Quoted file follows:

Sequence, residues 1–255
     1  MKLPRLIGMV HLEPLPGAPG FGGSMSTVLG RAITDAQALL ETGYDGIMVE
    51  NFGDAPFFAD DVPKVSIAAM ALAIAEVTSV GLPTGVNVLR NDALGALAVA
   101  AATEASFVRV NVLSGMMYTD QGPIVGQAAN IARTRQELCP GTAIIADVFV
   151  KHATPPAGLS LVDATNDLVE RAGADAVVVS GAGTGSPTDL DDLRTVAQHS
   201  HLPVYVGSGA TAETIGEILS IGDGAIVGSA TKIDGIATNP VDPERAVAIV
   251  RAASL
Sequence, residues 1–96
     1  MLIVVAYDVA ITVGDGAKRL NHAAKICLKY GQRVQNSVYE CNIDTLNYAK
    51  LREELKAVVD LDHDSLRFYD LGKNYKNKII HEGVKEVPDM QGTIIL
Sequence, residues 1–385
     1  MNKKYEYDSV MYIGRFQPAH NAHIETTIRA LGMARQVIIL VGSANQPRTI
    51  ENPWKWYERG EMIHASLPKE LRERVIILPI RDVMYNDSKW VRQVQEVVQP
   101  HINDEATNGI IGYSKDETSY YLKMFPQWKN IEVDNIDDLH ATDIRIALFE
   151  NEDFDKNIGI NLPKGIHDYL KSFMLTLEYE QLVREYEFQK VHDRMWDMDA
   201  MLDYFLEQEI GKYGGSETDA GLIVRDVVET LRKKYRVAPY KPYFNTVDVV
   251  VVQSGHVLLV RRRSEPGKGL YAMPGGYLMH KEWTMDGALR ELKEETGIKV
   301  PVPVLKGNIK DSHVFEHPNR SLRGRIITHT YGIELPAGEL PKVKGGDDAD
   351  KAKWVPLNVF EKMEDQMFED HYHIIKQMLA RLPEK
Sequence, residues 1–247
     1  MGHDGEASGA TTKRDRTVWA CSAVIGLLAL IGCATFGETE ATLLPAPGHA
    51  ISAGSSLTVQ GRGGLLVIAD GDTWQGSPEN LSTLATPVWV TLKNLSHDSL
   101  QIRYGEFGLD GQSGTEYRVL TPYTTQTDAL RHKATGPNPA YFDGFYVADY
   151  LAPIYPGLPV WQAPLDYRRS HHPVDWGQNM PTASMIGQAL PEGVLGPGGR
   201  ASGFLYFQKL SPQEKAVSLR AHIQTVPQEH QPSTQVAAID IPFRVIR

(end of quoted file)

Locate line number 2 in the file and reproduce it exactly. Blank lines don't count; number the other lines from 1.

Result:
     1  MKLPRLIGMV HLEPLPGAPG FGGSMSTVLG RAITDAQALL ETGYDGIMVE